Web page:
Deepak Chopra, in The Seven Spiritual Laws of Success, says that if we want to have a successful career, we should first center ourselves and then release our intentions (our career goals) to the universe.  We should not be attached to the way these goals develop, or to the exact outcome, but leave the details to the universe.  We can get the same results through effort and trying, he says, but the result is stress, which can lead to heart attacks and other physical illnesses.

Sometimes we focus more on our unhappiness with our present situation, than on what we want to achieve. Chopra says that we should accept where we are now, be fully present in the moment and concentrate on our deepest intentions (goals).

Goals should be difficult, but achievable with persistent effort. Goals that are too extreme, such as doubling your income in one year, can only discourage you.  Goals work because you persist and focus your efforts in a specific direction .Without that direction, we can find ourselves floating through our lives, more at the mercy of outside forces that are not devoted to our welfare or success.  But we can manage our goals in a way that does not create undo stress by not being attached to the exact way they are achieved.


 In my business I set performance goals for myself every year. I also set goals for relationships, finances, home, physical and mental health, as well as spiritual development.  I can attest to the fact that the more specific the goal, and the more frequently I review that goal and focus on it, the more likely I am to meet that goal.   It helps to write down your goals, read through them periodically, visualize them and keep a picture journal that represents the achievement of those goals. But it also helps to listen to the feedback from the universe, and make adjustments to those goals when necessary. We should have a career plan, but be flexible with how it unfolds.

As I approached graduation from college many, many years ago, I wrote a poem about goal setting which I titled, “My Brook and Me.”

I remember the brook

streaming through the woods;

spending hours around it,

building forts, wiping the mud off me with skunk cabbage.

I remember the brook on sunny days;

Water babbling over stones and rocks, pieces of wood;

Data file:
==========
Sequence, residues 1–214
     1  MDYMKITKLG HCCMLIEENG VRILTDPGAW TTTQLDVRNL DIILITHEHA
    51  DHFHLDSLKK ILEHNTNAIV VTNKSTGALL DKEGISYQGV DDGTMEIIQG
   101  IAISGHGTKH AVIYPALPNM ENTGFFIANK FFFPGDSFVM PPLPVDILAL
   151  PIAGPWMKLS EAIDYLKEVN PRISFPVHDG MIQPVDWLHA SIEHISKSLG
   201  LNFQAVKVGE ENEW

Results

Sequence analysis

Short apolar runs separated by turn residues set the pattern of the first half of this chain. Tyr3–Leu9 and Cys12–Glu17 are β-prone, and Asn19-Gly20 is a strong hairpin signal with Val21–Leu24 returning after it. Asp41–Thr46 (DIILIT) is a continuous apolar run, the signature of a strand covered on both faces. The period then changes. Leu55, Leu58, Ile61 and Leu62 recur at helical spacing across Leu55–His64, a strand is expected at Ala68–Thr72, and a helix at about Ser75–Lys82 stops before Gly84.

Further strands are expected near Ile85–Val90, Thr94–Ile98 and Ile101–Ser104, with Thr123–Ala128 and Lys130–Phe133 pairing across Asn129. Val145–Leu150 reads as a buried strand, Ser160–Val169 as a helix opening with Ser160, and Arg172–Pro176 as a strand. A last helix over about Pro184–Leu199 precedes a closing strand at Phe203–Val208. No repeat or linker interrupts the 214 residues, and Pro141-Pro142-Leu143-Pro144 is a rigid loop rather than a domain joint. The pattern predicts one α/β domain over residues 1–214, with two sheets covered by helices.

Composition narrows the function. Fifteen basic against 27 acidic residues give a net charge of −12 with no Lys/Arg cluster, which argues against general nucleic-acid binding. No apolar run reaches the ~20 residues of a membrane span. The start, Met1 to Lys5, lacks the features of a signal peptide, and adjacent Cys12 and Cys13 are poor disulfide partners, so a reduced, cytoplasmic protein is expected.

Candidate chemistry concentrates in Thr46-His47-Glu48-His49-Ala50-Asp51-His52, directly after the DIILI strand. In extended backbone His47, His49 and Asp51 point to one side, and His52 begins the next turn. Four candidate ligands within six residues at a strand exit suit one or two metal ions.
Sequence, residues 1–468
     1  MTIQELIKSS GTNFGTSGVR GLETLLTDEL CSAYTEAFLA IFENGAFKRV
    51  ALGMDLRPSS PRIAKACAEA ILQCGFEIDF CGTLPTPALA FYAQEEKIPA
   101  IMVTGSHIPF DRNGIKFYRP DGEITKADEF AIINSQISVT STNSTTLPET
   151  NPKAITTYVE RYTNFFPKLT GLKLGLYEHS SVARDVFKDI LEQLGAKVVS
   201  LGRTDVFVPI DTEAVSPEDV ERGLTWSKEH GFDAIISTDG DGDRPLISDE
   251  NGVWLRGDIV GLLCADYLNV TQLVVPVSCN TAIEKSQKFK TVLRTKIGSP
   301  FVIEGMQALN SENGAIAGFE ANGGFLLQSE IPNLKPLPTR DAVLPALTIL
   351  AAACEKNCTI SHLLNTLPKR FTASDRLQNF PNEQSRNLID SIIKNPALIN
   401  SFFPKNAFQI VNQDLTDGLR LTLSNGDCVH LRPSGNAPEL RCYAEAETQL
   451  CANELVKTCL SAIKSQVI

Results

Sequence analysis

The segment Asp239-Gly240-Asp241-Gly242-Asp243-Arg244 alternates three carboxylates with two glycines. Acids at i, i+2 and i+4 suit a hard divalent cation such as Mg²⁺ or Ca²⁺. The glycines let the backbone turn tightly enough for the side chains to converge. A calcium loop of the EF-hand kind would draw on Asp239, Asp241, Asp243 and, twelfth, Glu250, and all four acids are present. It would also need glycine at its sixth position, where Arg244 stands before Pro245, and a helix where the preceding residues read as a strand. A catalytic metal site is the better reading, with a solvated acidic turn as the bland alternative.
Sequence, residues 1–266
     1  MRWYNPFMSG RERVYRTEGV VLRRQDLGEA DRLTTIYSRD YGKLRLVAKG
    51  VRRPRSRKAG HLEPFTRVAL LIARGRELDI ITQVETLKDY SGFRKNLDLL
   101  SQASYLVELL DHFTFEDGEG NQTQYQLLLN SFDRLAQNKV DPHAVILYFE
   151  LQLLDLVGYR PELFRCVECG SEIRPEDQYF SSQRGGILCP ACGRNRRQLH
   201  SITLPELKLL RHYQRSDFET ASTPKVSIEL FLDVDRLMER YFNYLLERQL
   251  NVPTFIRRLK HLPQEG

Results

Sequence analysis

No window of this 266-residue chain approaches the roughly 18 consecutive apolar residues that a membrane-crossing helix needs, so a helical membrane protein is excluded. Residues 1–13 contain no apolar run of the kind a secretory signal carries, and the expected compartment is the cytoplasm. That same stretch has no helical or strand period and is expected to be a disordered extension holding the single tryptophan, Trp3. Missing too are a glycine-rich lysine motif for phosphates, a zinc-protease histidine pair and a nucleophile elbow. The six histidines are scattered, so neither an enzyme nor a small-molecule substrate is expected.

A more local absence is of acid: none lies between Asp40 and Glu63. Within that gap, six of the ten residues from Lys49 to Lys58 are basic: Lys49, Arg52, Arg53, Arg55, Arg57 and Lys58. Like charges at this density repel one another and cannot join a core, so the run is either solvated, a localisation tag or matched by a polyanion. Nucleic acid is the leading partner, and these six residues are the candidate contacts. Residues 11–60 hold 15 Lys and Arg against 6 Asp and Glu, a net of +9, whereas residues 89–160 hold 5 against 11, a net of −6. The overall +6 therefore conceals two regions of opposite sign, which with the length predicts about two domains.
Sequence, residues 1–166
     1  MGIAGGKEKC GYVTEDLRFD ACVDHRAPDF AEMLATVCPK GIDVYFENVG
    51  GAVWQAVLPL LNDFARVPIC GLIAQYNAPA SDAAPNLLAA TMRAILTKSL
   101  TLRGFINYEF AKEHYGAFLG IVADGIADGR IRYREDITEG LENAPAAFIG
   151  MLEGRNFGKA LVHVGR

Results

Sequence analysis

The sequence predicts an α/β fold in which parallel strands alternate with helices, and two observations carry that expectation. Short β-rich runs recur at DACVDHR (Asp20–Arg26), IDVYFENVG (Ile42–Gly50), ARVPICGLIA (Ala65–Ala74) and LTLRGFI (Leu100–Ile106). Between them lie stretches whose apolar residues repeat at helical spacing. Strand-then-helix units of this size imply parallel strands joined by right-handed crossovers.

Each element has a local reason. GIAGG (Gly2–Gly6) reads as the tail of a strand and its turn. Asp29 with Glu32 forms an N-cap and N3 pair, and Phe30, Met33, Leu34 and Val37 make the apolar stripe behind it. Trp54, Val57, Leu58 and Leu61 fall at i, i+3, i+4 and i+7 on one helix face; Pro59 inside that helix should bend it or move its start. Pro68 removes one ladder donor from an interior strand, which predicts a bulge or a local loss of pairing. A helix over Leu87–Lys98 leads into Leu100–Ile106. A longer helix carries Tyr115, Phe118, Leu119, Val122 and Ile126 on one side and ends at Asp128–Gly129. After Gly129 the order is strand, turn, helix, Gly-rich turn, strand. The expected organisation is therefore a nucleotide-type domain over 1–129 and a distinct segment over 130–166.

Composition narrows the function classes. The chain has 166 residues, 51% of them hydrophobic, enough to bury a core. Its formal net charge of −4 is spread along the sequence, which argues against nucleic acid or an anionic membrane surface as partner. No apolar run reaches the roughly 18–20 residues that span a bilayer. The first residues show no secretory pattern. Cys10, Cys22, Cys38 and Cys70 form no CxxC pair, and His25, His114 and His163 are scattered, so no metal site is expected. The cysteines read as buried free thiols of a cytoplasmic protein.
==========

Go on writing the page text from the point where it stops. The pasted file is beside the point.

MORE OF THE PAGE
making the water ripple the way it did.

I wondered what happened to the brook

traveling away from my yard.

I had a goal for my brook

to flow to the ocean…but then what?

I see goals for myself

  thwarted, rearranged, fulfilled.

But the goal for my brook;

What happened to it?

Having set goals the brook and I

build toward them.

The brook unable to know…

about a pipe in the ground, a seeping marsh, a dam.

Myself not knowing the course I will follow.

Knowing what I want,

yet finding it hard to grasp.

I remember years of competition, of struggle, of acceptance.

Then discovering what is real, important;

myself, my friends, expression;

a soft kitten purring on my lap;


Being more than a doctor, a lawyer.

Knowing comfort, relaxation.

Being myself.

Approaching the completion of one goal,

I set new ones.

But fulfilling them means going away, sorrow.

Like the brook moves on, streams to the river…

the ocean.

Saying goodbye to familiar things,


Facing a reoccurrence of similar past memories,


 I know a word…self-fulfillment.

Being vulnerable, can I take chances?

Being strong, grinding ahead through disappointments.

Being weak, letting go of crippled goals.

Like a brook who misses the river,

finding another happiness.

Being motivated, seeking what I am after,

But not too aggressive.

Being easy, tension-free.

Making it through the insecurity

Like cool water in a brook;

not knowing what will come.

Traveling through the seasons of time.

Molding myself to the environment like the brook

makes its path through nature.

Sliding over any obstacles

 the brook continues over rocks, pieces of wood.

Freezing in the rough, cold spots;

melting in the warm.

Praying for a map free of dams to follow

 in a steady, unchartered progression.

My brook and me.



Finding Joy in Your Work – Your Bucket List

In the movie, The Bucket List, two men (Jack Nicholson as Edward and Morgan Freeman as Carter) with quite contrasting and differing lives find themselves sharing a hospital room.  Both men have a terminal illness and only a short while to live.  This unlikely pair develops a friendship and in the process creates a list of things they want to do before they die. As they proceed on this journey, they each experience life changing revelations.

One of the things on their list was to see the pyramids of Egypt. As they’re looking at the pyramids with a backdrop of blue sky and sunshine, Carter tells Edward that the ancient Egyptians believed that when you die, you have to answer two questions before you get into heaven.

•    Have you found joy in your life?

•    Have you brought joy to others’ lives?

Our work  is one avenue where we can both experience and provide joy to others.

In ways do you find joy in your work?

In what ways do you provide joy to others through you work?



Employers Maintain Upward Trend in Hiring Confidence for Q1 2013